From Menlo Park to West Orange - Visit Innovation Series

Edison Birthday

Congratulations to all our editors - Volume 8 is at the printer! We look forward to seeing a hardcopy late next summer. Be sure to add your name to our mailing list for the announcement. If you haven't seen it, check out our series, Edison and the Rise of Innovation. This month we have added From Menlo Park to West Orange, which details transitions in his personal life as well as his research space. In January, American Experience: Edison, was released on PBS; it features Edison Paper editors Paul Israel, Bob Rosenberg and Lisa Gittleman. And lastly, let's give a big birthday wish to Thomas Edison.

The Edison Papers

Thomas Edison enjoyed a remarkably creative and exceptionally well-documented life. The five million pages estimated to be in his collected papers not only show the inventor and entrepreneur at work, they provide a window into life in the United States. This trove details how Edison and his household fit into the ordinary world they shared with countless other aspiring citizens, while his inventive record details how he became an icon of American inventiveness. The Thomas Edison Papers is dedicated to making these records accessible and intelligible to the public and students at all levels. Private donations and grants from public agencies make it possible for the project's historians to carry out this work and train the next generation of students. This year three new undergraduate students are helping us transcribe documents and scan in our most recent document collection. Many thanks to Ray Cratch, Linzi Ryan, Patrick Lonegran, James Deloughery, Randy Sparks, and welcome to Andrea Alvarez, Jennyfer Javier and Jade Gleason. Will you please consider making a contribution? Your generous contributions in the past have helped support their work! Your donation is tax-deductible to the extent permitted by law. Please consider making a donation today!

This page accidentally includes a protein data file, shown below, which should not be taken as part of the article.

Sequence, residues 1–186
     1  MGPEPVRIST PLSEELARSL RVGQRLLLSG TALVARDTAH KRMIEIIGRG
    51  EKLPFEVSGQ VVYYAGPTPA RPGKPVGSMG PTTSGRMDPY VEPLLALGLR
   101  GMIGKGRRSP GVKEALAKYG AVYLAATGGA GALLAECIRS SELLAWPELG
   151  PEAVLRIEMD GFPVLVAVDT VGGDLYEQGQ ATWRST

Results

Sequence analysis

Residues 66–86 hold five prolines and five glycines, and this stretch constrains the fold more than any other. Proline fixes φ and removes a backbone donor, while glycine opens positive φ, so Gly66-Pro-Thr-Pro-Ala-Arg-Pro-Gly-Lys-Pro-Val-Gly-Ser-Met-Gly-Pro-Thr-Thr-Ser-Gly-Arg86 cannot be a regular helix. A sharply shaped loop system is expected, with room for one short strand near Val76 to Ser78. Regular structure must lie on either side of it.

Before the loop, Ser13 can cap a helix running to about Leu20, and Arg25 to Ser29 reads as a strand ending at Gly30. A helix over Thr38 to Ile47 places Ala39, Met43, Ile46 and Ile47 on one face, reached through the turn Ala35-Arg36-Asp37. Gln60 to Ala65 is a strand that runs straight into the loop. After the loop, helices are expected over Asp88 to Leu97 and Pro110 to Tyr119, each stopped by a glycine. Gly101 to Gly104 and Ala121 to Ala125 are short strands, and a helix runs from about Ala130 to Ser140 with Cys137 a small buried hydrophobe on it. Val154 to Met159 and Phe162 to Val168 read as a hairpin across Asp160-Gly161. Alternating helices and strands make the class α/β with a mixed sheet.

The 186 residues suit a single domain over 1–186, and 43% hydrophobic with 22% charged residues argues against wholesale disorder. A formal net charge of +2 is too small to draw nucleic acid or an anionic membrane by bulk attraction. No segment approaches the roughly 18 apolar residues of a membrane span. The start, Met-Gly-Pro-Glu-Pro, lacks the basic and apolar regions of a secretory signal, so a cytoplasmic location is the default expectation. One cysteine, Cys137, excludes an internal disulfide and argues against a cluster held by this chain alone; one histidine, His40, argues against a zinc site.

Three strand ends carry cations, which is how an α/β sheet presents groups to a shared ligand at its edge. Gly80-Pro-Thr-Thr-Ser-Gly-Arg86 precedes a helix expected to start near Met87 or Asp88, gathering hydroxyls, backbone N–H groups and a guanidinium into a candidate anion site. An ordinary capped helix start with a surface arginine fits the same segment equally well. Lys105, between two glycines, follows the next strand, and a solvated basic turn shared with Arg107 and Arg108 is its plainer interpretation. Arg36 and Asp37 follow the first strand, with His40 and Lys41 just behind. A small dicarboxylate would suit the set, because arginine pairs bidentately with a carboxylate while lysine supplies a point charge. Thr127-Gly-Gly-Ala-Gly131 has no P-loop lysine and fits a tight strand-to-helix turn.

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Edison, Mina and Charles Edgar 1922


The name of Thomas Edison has been closely associated with Rutgers University since the university won a competition to host the Edison Papers. Edison himself had a personal relationship with the university, having spent a good deal of his career in close proximity to its New Brunswick campus.  He received two honorary degrees from Rutgers, donated electrical apparatus to the school, and stirred up a bit of controversy among students and faculty with the intelligence tests he instituted for employees in 1920. Edison also hired Rutgers graduates, including his experimenters John Marshall, Edward Payne, and Charles Deschler. Read more...


The winter of 2014-15 has been a snowy one across the Northeastern United States, and the joyous refrains heard at the first snowfall–"Ah, let it snow, let it snow, let it snow"–have turned to "Enough already!" But though a perfect Matterhorn of dirty snow the plows left still looms just outside of the Edison Papers' windows, this winter has not been even close to the snowiest on record in the New York area. And neither was 1886, when Edison jotted down some ideas for a snow removal machine. But there had been one terrific blizzard in January of that year which may have prompted him to imagine a different way of getting rid of the white stuff from city streets.